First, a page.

If the Republican plan passed some families may end up worse off, according to an analysis of the plan.
Millions of Families benefited from the monthly child tax payments that were up to $300 a month per child. Unfortunately, that incentive expired in December 2021. Now the Republican Senate has presented a proposal to restart the monthly tax payments, but the requirements to receive the payments. If you recall under the original plan, the monthly payments started in July and ended in December, with families receiving in cash up to half the credit's total value of $3,600 per child under 6 and $3,000 per child ages 6 through 17.
Under the Republican Senators' plan, families would receive $350 per month per child up to age 5, for a total of $4,200 per year. They would receive $250 per month for children ages 6 through 17, for a total of $3,000 per year.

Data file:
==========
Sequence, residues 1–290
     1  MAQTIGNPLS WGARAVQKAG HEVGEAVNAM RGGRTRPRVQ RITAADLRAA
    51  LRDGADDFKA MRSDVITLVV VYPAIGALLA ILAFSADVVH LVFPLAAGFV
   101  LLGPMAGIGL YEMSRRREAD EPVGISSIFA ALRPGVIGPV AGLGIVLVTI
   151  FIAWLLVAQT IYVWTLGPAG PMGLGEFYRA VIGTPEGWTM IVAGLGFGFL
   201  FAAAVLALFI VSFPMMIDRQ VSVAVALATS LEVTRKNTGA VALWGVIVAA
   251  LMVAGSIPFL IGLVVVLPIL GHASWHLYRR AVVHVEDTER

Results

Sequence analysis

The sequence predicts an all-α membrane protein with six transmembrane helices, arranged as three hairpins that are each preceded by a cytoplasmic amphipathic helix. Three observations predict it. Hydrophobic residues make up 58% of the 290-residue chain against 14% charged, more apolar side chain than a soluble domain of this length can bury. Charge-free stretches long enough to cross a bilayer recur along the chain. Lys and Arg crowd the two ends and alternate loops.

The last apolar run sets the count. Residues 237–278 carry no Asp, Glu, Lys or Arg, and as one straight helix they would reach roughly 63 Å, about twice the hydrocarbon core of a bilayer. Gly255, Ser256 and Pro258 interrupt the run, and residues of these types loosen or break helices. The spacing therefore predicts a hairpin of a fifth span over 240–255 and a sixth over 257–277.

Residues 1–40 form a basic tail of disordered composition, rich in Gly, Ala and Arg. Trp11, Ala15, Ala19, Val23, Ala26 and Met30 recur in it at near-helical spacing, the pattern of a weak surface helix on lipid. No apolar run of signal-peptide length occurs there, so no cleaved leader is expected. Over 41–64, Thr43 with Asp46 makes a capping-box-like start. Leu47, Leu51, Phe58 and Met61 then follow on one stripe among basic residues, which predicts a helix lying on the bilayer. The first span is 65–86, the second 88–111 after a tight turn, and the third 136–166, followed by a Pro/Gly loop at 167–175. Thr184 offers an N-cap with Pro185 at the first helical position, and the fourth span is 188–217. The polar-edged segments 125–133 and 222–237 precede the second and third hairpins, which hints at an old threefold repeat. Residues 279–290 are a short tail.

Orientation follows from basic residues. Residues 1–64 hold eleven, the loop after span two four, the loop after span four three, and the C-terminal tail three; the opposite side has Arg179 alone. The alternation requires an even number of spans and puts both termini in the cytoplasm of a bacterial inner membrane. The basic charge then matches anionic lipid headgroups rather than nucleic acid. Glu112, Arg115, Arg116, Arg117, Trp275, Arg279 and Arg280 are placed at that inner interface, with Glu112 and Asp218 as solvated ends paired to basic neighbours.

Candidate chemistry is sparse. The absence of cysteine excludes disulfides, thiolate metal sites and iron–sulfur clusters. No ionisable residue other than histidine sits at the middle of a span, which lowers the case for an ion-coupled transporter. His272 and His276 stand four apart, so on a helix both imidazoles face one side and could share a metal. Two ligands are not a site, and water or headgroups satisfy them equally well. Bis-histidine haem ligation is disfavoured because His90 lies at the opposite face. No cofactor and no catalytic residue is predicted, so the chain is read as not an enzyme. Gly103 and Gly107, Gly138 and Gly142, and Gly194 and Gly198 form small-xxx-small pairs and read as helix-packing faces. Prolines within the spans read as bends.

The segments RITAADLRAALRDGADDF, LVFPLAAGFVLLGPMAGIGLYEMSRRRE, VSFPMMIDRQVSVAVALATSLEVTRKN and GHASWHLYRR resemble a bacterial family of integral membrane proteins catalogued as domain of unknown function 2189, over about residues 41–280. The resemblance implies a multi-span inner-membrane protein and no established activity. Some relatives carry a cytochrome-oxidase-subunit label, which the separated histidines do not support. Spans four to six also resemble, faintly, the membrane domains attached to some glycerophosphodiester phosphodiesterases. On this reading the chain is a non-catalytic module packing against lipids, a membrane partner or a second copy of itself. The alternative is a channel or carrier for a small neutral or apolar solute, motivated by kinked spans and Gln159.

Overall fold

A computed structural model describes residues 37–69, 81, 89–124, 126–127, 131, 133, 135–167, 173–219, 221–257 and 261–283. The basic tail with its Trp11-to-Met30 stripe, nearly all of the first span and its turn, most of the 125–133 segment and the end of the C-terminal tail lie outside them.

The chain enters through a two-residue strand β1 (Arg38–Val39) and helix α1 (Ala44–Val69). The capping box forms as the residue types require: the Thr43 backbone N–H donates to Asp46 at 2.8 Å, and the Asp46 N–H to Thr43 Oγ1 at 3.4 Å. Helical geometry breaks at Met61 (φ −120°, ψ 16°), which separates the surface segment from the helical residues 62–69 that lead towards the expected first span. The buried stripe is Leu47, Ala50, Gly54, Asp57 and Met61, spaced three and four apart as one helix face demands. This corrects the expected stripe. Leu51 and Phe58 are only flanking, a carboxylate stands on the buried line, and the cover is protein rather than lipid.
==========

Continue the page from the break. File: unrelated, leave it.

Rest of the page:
If families desire to receive the full benefit, families would have to earn $10,000 in the previous year. Those families who earn less than $10,000 would have their credits reduced proportionally to their earnings.
What is going to be cut?
The Center on Budget and Policy Priorities stated, that there are some major issues with the Republican plan. They are proposing cuts to the earned income tax credit, and Eliminating head of household tax filing status.
The Center on Budget and Policy Priorities has provided an example below of how this will negatively impact millions of families.
Imagine a mother earning $25,000 per year with a toddler and daughter in second grade would qualify for a $3,640 child tax credit, but would lose $4,105 from the earned income tax credit cuts, resulting in a $465 net income loss, according to the Center on Budget and Policy Priorities. If both children were age 6 or over, the net income loss would be $1,665.
Under this plan, it is estimated around 7 million families earning less than $50,000 would end up worse off the Republican plan compared with current law, according to the Center on Budget and Policy Priorities.